Inside Sport - - ANATOMY OF A CHAMP -

Back in 1999, when my son Austin was just three years old, we found our­selves in Room 218 in a La Quinta Inn in Ba­ton Rouge, Louisiana, on a swel­ter­ing June night.

He pulled a foot­ball jersey and a pair of foot­ball pants out of his suit­case and care­fully placed them on the ta­ble. Only he knew why the next morn­ing would be so spe­cial.

In the morn­ing, I started to feel his ur­gency.

“We have to get to the game,” he said. “What game?” I asked. “The game. They’re wait­ing.” “Who’s wait­ing?” “My team-mates. They can’t play with­out me.”

He had cre­ated in his mind an elab­o­rate sports ta­pes­try that in­cluded op­po­nents, ref­er­ees and fans. I was faced with a daunt­ing chal­lenge: I some­how had to fin­ish the fan­tasy.

Looking back on it now, I’m amazed I came up with the solution so quickly. It was about five miles south, smack-dab in the mid­dle of the en­chant­ing cam­pus of Louisiana State Uni­ver­sity: Tiger Sta­dium, then a 79,940-seat mon­u­ment known as “Death Val­ley”.

There was no game that day — I had to con­coct a story about a can­cel­la­tion due to some play­ers suf­fer­ing from food poi­son­ing — but he did meet some LSU play­ers in the locker room and gazed in won­der­ment at the pur­ple-and-gold jer­seys metic­u­lously folded in the equip­ment room. And it was the be­gin­ning of a sav­age jour­ney into the pul­sat­ing and pas­sion­ate heart of col­lege foot­ball.

It has taken us to 45 sta­di­ums, in­clud­ing the seven largest in all the land (Michi­gan, Penn State, Ohio State, Texas A&M, Ten­nessee, LSU, Alabama) and a few that wouldn’t have been suit­able for a high school game in foot­ball-rich Texas. We have thrown the ball to each other on turf once ruled by leg­endary Ohio State coach Woody Hayes and been brusquely ush­ered off turf at Texas A&M that they con­sider to be a sa­cred “me­mo­rial”. We have cheered along with 107,000 at Penn State un­til our voices were stripped raw and we have wept in si­lence at a me­mo­rial just out­side Vir­ginia Tech’s Lane Sta­dium hon­our­ing 32 killed in the 2007 mas­sacre.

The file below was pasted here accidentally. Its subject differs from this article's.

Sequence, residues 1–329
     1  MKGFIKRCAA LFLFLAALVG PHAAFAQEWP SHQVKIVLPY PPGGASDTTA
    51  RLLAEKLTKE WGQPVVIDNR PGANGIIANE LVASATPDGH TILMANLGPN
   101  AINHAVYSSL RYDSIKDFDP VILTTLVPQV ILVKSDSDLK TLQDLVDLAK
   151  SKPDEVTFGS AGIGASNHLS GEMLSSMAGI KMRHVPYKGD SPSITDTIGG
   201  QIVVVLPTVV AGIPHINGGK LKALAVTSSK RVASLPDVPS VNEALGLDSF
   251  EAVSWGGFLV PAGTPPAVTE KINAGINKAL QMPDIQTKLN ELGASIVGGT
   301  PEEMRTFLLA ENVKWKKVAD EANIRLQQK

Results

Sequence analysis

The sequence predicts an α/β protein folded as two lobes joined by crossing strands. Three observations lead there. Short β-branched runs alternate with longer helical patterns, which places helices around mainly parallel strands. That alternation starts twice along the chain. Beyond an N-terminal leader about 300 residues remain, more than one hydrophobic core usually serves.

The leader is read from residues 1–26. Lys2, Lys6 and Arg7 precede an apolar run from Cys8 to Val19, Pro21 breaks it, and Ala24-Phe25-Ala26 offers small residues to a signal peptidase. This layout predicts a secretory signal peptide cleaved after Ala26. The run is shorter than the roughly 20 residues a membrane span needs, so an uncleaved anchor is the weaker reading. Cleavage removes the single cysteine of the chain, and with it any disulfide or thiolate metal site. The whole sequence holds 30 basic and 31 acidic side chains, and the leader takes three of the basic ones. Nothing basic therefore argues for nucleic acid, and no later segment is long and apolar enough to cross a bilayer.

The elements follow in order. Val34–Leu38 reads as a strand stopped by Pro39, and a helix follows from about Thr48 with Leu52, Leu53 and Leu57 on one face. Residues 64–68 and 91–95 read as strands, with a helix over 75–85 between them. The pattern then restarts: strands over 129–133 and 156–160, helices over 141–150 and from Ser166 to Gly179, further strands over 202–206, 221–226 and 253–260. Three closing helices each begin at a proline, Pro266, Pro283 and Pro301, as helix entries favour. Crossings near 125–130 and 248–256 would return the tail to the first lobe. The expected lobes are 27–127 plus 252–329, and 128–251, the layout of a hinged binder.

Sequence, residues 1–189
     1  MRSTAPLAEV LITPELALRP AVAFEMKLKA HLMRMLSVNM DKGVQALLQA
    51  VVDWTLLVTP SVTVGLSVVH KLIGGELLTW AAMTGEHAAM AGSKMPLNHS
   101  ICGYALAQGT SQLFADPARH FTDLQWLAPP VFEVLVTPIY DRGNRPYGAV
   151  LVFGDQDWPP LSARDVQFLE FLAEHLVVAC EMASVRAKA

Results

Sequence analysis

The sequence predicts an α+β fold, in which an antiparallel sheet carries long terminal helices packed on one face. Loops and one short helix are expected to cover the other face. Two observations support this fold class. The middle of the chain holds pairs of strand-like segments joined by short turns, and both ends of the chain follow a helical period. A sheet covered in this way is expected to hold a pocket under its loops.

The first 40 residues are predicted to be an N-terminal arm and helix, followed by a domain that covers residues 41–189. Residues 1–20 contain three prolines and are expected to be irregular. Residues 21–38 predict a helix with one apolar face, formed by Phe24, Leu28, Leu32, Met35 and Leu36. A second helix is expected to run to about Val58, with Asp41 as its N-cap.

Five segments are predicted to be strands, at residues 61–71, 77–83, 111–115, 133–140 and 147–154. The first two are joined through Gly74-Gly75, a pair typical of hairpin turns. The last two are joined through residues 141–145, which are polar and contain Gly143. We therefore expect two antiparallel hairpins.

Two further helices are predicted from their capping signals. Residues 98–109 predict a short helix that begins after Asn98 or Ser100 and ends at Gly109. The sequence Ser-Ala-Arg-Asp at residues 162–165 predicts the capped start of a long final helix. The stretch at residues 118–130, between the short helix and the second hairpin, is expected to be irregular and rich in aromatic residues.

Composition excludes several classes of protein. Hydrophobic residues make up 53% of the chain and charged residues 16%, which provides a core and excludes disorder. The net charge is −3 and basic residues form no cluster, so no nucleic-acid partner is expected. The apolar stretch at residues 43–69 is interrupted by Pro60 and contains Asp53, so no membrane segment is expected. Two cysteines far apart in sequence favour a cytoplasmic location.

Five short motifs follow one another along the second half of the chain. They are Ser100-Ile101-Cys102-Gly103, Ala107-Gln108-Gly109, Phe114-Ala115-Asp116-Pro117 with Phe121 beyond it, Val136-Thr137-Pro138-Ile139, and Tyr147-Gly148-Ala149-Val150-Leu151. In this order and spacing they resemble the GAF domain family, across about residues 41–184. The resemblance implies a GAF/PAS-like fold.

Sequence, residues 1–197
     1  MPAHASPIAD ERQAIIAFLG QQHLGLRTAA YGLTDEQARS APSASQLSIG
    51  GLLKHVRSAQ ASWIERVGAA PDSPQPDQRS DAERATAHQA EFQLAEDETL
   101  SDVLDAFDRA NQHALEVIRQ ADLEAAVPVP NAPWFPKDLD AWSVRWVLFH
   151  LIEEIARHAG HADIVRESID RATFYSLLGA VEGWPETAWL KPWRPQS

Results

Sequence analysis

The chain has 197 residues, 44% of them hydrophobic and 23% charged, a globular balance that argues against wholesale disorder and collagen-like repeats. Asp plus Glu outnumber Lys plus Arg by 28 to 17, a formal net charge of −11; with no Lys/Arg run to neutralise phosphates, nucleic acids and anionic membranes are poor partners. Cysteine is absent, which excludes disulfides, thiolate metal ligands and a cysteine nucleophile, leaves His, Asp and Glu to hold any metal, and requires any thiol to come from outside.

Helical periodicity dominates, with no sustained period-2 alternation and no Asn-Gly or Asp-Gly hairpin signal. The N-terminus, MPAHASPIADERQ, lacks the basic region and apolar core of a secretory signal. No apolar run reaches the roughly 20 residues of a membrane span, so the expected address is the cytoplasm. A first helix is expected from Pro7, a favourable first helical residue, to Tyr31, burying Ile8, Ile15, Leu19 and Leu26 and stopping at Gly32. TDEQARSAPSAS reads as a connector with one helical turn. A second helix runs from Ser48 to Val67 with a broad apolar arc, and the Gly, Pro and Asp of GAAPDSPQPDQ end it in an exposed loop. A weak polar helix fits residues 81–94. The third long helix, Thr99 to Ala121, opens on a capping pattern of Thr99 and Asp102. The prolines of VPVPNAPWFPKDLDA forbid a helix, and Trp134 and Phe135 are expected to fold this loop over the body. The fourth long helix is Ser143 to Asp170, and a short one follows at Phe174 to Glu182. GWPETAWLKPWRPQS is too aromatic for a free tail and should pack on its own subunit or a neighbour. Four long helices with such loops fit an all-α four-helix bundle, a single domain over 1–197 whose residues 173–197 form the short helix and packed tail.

Over my 37-year sports-writ­ing ca­reer, peo­ple have asked me, “What is bet­ter? Col­lege or the NFL?” Count me among the 85 per­cent who chose the col­lege game in a na­tional news­pa­per poll.

There are too many rea­sons to list. The sim­ple an­swer? Pas­sion and tra­di­tion. It’s the pas­sion of alums who are emo­tion­ally in­vested in a school where they spent the most ex­cit­ing years of their life and of stu­dents who are goofy, en­er­getic and have no idea how pow­er­fully they are mak­ing mem­o­ries they will cher­ish. It’s the tra­di­tion of the Clem­son play­ers roaring down The Hill after rub­bing Howard’s Rock, the bald ea­gle cir­cling Auburn’s Jor­dan-Hare Sta­dium be­fore the game and land­ing ma­jes­ti­cally at mid­field, and Ole Miss fans — the men in col­lared shirts and the women in sun dresses — tail­gat­ing at The Grove and chant­ing, “Hotty Toddy!”

Want to know what’s re­ally ironic? My son has landed at LSU 17 years after we made it the first col­lege cam­pus he ever stepped foot on. He’s al­ready in fullthroat mode over the visit of the de­fend­ing na­tional cham­pi­ons Alabama to “Death Val­ley” on Novem­ber 5. I don’t think I want to know what he’ll do be­fore, dur­ing or after that game.


The LSU foot­ball team basks in the old col­lege try.

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